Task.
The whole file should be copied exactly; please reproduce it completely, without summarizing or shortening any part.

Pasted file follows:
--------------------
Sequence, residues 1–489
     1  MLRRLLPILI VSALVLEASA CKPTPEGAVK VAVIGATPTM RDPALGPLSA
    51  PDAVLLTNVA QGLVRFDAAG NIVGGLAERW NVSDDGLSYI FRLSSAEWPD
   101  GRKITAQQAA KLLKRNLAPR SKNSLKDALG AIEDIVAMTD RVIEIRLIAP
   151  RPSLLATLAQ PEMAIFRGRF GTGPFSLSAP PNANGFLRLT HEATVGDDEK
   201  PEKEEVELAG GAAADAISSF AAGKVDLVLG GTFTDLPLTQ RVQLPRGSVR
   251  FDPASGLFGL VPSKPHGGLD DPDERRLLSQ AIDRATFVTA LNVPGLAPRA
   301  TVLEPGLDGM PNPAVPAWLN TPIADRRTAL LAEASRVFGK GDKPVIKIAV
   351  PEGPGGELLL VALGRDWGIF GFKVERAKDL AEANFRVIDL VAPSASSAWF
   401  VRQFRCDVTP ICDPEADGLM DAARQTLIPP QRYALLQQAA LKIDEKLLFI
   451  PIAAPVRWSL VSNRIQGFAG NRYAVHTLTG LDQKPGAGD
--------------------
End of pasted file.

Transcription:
Sequence, residues 1–489
     1  MLRRLLPILI VSALVLEASA CKPTPEGAVK VAVIGATPTM RDPALGPLSA
    51  PDAVLLTNVA QGLVRFDAAG NIVGGLAERW NVSDDGLSYI FRLSSAEWPD
   101  GRKITAQQAA KLLKRNLAPR SKNSLKDALG AIEDIVAMTD RVIEIRLIAP
   151  RPSLLATLAQ PEMAIFRGRF GTGPFSLSAP PNANGFLRLT HEATVGDDEK
   201  PEKEEVELAG GAAADAISSF AAGKVDLVLG GTFTDLPLTQ RVQLPRGSVR
   251  FDPASGLFGL VPSKPHGGLD DPDERRLLSQ AIDRATFVTA LNVPGLAPRA
   301  TVLEPGLDGM PNPAVPAWLN TPIADRRTAL LAEASRVFGK GDKPVIKIAV
   351  PEGPGGELLL VALGRDWGIF GFKVERAKDL AEANFRVIDL VAPSASSAWF
   401  VRQFRCDVTP ICDPEADGLM DAARQTLIPP QRYALLQQAA LKIDEKLLFI
   451  PIAAPVRWSL VSNRIQGFAG NRYAVHTLTG LDQKPGAGD